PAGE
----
July 16, 2009

Back in the High life Again?

 Today I am sitting on a beautiful green mountain top feeling a slight breeze while the smell of wild flowers wafts across my face and blows through my long, thick, curly, blonde hair (hey it’s my daydream!) The white puffy clouds dot the blue sky.  

    Today is a day of rest and reflection. My family and I have been looking forward to this moment for over nine long dark months.  It is a day to peer down off this steep mountain peak and realize how far I have climbed.  I am tired.  I am thirsty.  I have blisters and battle wounds but today, “I made it to this mountain peak and the mountain’s under me.” 

    We met with Dr. Tricot yesterday. I “aced” my tests and scans! All the results indicate that there are no signs of any active myeloma cells. I am in complete remission! 

    Now I wish I could dance through the field of daisies like Julie Andrews in the Sound of Music and say this is the end of my journey.  It is the end of days and weeks living away from the family.  It is the end of aggressive, high dose chemo, and two stem cell transplants but it is not time to retire my hiking boots yet.

       I will still be undergoing maintenance therapy for the next year.

This involves four chemo injections a month of Velcade, along with a steriod drug, Dexamethesone, and Thalidomide an “anti-cancer” medication. The Doctor explains that   this regimen will kill off the “sleeper cells” lurking in my body and give me the possibilities of a much longer remission.  

     I haven’t felt “normal” for over a year. I told Dr. Tricot that I would love to go off all the medication for a couple weeks to see what I feel like without any side effects.  He laughed and explained in his Belgium accent,  “You must remember what our objective is, you haven’t reached the finish line yet, but you are doing everything possible to get there and the rest is out of our hands.”

     These words brought me comfort and assurance that this dark, difficult journey for our family has been worth it.  That I have scaled this steep, sharp, rocky mountain knowing that I am doing everything I can possibly do to reach the top and to extend and improve my life.  The rest is in God’s hands.  

      I am tired.  I am thirsty.  I have blisters and battle wounds but today, “I made it to this mountain peak and the mountain’s under me.” 

July 08, 2009

Test Day

    Tomorrow is test day.  Joe and I will head up to Huntsman to see exactly how much progress has been made through chemo, two stem cell transplants, and specialized drugs.
     I will have lab tests run first, and bring in a 24 hr. urine collection (fun :0)  Then a bone marrow biopsy and aspirate.  If you want to see what this involves, there are some great videos on Youtube.  None of my sons were brave enough to watch, but my daughter and I watched them twice.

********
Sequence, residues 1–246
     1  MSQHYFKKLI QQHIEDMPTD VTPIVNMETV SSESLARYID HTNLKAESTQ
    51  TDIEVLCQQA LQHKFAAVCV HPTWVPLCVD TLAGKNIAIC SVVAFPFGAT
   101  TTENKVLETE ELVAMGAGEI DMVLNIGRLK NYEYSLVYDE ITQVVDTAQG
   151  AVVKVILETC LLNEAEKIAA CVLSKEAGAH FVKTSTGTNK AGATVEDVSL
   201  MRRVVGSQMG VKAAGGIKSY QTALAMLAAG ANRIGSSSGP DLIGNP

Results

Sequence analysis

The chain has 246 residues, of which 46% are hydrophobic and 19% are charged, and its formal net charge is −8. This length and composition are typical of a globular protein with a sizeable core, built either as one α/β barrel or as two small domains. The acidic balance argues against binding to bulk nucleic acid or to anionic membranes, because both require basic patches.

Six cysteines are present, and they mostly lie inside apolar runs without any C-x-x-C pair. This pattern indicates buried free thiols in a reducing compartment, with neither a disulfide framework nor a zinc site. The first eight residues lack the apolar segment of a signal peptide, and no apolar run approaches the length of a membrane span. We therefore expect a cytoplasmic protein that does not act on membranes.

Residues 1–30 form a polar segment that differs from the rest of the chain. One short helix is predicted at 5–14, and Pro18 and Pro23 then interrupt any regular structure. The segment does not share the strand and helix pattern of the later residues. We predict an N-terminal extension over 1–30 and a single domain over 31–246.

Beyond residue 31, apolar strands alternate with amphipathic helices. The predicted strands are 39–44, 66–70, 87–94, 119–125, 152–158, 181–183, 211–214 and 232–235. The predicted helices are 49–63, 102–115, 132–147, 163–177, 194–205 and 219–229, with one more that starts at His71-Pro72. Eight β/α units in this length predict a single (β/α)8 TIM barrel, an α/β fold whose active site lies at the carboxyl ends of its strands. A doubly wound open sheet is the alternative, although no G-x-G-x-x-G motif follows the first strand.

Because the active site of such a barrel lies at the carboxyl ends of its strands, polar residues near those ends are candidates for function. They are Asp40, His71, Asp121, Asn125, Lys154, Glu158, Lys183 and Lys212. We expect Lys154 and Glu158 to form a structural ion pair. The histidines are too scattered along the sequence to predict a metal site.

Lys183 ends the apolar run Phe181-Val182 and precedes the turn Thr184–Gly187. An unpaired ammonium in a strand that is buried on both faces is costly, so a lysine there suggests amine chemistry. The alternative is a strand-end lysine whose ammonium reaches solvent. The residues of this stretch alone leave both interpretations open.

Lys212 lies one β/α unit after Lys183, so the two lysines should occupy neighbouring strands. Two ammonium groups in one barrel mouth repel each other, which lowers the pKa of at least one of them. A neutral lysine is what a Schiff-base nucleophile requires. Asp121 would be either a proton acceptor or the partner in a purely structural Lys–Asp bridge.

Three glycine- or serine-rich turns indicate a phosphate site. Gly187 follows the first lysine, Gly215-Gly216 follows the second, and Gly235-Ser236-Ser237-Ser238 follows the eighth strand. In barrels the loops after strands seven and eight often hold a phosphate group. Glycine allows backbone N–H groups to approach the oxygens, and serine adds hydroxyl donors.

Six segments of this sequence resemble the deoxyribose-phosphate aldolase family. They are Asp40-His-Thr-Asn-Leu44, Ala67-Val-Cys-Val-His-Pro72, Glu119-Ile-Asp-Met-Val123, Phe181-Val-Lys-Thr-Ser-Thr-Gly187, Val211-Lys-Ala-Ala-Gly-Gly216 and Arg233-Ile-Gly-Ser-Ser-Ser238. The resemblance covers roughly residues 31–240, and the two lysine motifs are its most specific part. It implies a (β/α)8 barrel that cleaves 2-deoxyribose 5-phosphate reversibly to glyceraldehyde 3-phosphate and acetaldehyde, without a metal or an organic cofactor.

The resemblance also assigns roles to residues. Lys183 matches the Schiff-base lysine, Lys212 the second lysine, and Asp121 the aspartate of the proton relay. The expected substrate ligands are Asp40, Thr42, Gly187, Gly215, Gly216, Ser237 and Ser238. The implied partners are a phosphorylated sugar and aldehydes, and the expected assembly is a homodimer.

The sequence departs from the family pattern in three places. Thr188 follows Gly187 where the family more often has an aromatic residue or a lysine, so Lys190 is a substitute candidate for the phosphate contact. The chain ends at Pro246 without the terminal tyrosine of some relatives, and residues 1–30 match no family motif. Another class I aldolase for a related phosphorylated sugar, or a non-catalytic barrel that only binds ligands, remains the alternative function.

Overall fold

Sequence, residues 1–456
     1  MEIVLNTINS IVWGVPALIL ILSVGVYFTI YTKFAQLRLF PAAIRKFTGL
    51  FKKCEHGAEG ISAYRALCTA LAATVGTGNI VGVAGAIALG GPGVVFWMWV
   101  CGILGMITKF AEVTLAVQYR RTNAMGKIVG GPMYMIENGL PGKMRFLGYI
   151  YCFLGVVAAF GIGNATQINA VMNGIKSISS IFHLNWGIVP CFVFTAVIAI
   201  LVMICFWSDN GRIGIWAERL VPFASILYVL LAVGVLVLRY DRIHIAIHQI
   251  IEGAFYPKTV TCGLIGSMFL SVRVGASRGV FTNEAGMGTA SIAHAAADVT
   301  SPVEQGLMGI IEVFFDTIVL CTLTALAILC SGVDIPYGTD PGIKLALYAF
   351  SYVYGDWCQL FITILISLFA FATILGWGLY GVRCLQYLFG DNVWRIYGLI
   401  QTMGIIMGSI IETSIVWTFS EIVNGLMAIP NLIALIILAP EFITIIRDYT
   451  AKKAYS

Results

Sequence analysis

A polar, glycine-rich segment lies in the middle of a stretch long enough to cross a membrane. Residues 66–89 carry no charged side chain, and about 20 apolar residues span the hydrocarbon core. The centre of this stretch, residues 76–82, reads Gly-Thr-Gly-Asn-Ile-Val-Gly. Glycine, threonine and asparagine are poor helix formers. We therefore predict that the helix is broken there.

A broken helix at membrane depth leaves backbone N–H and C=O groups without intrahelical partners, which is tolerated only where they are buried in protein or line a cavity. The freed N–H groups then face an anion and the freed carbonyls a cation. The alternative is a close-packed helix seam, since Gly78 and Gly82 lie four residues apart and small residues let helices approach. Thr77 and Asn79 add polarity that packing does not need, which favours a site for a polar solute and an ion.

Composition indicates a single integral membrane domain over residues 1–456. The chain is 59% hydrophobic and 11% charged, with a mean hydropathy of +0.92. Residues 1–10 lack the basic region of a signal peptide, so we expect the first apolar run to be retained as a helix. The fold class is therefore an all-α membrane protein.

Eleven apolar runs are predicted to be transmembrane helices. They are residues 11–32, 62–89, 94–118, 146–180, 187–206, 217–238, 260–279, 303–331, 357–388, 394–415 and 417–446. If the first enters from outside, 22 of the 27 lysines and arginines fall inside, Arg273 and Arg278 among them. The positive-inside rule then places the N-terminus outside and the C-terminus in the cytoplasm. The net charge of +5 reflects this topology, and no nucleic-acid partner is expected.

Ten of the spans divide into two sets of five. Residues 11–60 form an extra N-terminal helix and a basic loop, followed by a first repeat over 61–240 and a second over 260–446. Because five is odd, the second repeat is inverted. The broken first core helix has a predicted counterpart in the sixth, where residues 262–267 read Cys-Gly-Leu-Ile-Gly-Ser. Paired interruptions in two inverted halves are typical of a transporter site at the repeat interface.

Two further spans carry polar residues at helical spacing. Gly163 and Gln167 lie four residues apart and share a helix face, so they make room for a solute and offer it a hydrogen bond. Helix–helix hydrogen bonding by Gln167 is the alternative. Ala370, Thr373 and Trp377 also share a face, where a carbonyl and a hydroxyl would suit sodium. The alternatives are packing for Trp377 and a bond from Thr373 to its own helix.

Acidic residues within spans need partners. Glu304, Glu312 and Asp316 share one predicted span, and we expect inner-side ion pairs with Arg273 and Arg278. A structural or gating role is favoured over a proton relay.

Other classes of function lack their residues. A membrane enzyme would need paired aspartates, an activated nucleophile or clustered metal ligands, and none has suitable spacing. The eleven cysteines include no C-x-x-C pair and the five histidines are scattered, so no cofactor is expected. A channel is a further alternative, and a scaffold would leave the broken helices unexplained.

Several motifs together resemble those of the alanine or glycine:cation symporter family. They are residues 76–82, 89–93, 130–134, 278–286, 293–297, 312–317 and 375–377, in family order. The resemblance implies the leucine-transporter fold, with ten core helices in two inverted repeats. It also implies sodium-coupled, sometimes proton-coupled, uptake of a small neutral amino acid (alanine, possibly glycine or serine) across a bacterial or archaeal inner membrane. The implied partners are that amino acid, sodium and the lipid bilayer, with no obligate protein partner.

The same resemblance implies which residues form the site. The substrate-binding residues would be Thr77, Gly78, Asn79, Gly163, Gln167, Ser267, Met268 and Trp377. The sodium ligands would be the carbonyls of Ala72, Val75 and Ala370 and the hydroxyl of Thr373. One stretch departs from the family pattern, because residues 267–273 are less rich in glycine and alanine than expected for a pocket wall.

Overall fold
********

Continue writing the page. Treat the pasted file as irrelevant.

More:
I will also have a combination PET/CT scan.  This procedure takes about three hours, because first  they must inject you with a small tracer quanity of radioactive material that is attached to a sugar which goes to the metabolically active parts of your body.  You have to sit in a recliner in a quiet room for 45 minutes to give the sugar time to get where it needs to be before the procedure.  
   One time I brought a book to read, but the nurse told me I couldn't read because then all the particles would go to the brain. interesting.
    After a peaceful rest,  you are lead to the room with the big tunnel machine.  The nurse shows you where to lay down.  The blanket covered "bed," is abut 12 inches wide.  So you lay down with no place for your arms. Do I lay them across my chest or let them dangle to the floor? Then the nurse steps in with big black velcro straps.  She straps your legs together below the knees.  Then straps your arms closely to your body.  "snug as a bug in a rug!"
     That's the easy part.  "Let the magic show begin!" Now you must lie perfectly still for 45 minutes to an hour as the bed moves through the tunnel.  
    What do I do?  Do I sleep?  What do I think about?  The first few times I went through this procedure my objective was to try  not to think about anything.  Because one thought would lead to another and ultimately end up rather quickly back to cancer.  Bringing fears and fighting back the tears.  
   Now my mind wanders all over during the scan.  Last time I could not get a John Denver song out of my head.  "Country Roads take me home to the place I belong...  The problem was I forgot most of the words, but kept starting over, ugh! very frustrating!!
    When the test is over and the straps are removed from "the Magic show," they point the way down the hall to the waiting room.  The only good thing, I've decided, about this whole day, is I don't have to worry now (since I've lost my hair) of getting up and walking out the door with "bedhead!"
    Well there is no last minute cramming for me.  We will get the results of the tests from Dr. Tricot next Wednesday.  Wish me Luck.  We are expecting the best.  I will keep you posted.
                                Love, Kris

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